Some more thoughts on Fischer Black’s model of business cycles, following up on my earlier post on Tyler Cowen’s piece.

1. Black thinks of us as living in a CAPM world. There is no reward for idiosyncratic risk (risk that could be diversified away). Instead, there is a diversified market portfolio, and there is a risk-free asset. When we have an appetite for risk, we hold more of the market portfolio and less of the risk-free asset. Good times are when we hold a lot of the market portfolio and conditions are right. (In my example, in an agricultural society we make large investments and the weather turns out to be good.) Bad times are when we hold a lot of the market portfolio and conditions are bad. (The weather is bad, and we wish we had just stored grain rather than making risky investments.)

2. The financial crisis appears to be idiosyncratic, rather than general. That is, it looks as if people did not buy the market portfolio. Instead, some people over-invested in houses, and some institutions over-invested in risky mortgage loans. One could argue that the risk was spread ex post by the government, with all the bailouts.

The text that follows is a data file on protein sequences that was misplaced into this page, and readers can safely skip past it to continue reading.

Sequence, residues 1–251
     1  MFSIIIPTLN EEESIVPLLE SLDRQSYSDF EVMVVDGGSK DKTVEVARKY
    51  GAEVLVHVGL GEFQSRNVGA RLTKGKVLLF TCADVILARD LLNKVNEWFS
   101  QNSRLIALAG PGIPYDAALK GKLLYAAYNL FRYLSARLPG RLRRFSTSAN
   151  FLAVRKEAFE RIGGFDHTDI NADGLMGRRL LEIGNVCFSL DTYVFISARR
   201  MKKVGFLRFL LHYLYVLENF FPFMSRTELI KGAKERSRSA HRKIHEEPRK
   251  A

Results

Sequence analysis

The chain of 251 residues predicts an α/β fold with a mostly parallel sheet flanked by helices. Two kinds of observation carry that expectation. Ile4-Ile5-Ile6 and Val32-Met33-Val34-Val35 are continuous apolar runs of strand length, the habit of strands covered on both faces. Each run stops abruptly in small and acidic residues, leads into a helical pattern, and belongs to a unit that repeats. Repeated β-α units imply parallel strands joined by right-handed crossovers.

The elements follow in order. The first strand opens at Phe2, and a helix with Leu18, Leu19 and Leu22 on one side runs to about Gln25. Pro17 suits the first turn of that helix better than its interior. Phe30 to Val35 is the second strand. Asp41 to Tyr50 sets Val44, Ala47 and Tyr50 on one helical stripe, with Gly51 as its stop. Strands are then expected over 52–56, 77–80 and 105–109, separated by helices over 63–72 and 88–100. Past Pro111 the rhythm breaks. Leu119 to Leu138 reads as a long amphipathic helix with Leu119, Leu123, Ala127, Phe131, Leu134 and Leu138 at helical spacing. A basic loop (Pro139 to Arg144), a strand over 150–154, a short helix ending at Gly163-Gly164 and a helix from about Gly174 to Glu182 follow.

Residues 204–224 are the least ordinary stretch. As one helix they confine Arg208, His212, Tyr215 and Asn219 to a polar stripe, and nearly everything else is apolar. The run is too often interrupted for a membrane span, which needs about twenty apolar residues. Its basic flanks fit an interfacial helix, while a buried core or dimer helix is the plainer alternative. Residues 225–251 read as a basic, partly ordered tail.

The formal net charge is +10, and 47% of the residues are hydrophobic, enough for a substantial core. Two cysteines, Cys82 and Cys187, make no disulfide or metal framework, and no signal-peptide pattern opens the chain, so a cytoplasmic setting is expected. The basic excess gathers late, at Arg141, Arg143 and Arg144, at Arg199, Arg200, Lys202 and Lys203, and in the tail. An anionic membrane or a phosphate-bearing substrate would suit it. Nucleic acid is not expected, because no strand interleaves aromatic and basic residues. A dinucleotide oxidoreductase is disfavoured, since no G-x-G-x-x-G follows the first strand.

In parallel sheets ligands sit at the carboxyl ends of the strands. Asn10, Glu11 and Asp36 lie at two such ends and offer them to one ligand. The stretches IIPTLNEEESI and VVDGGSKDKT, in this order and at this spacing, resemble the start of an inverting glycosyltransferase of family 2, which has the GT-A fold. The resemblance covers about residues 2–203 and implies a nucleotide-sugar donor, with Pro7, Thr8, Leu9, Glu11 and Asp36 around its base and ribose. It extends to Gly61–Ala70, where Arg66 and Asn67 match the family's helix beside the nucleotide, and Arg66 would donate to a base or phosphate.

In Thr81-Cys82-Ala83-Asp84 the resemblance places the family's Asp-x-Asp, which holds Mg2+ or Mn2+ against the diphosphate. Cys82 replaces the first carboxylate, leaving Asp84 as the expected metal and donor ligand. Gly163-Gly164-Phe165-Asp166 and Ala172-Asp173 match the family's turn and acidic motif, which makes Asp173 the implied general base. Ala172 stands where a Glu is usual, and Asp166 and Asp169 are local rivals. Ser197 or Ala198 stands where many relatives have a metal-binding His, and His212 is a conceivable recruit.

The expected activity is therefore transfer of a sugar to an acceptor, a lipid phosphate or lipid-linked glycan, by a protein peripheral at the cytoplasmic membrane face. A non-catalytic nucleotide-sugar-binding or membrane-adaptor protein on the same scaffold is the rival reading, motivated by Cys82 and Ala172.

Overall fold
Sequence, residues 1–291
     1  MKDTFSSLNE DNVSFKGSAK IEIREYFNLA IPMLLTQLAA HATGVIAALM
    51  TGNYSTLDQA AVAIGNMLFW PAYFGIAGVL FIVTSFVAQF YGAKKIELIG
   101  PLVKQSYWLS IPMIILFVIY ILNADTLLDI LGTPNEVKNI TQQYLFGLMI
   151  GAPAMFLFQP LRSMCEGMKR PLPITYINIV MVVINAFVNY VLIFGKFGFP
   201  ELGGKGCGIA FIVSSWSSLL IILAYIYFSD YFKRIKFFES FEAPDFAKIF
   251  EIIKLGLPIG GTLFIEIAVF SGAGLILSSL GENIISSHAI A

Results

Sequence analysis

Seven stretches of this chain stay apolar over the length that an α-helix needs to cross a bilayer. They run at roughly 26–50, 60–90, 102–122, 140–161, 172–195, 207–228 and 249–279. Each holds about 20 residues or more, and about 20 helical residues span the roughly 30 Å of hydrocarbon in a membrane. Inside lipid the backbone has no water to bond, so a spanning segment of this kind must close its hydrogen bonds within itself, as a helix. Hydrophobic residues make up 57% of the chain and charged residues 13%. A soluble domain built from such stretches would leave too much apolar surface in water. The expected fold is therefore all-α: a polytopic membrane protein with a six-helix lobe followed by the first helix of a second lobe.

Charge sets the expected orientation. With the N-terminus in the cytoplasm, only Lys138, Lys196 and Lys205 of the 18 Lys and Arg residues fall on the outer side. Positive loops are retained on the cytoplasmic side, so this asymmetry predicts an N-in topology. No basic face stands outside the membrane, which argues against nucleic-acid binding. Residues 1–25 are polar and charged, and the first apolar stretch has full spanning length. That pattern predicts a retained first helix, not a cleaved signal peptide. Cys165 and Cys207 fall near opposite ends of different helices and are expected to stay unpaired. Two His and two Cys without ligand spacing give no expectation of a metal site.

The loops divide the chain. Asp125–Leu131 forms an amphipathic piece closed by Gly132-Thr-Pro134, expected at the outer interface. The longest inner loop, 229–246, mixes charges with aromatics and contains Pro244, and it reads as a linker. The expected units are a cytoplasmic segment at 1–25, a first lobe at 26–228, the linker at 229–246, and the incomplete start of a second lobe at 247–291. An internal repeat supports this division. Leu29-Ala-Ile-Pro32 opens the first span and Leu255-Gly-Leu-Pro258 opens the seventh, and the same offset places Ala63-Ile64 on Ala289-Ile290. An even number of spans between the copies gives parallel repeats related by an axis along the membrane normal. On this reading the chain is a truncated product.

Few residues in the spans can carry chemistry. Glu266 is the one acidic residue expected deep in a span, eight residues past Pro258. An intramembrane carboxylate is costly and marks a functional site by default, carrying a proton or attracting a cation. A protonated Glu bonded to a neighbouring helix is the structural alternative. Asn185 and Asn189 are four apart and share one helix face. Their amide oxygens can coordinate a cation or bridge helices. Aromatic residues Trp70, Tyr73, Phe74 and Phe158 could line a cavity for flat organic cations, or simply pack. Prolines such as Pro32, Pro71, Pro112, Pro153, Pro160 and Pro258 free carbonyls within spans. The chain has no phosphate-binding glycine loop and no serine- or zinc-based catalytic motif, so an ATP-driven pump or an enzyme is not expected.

3. Cowen’s argument, however, is that this apparently idiosyncratic nature of the risk is deceptive. In fact, you should think of the crisis as, to a first approximation, bad times for the market portfolio. Everybody wishes, ex post, that they had put more into safe assets and less into the market portfolio.

I have a number of problems accepting this as a story for the current crisis. Among the problems I have is that I cannot pinpoint the real shock at work–the shock that would be analogous to bad weather in an agricultural economy.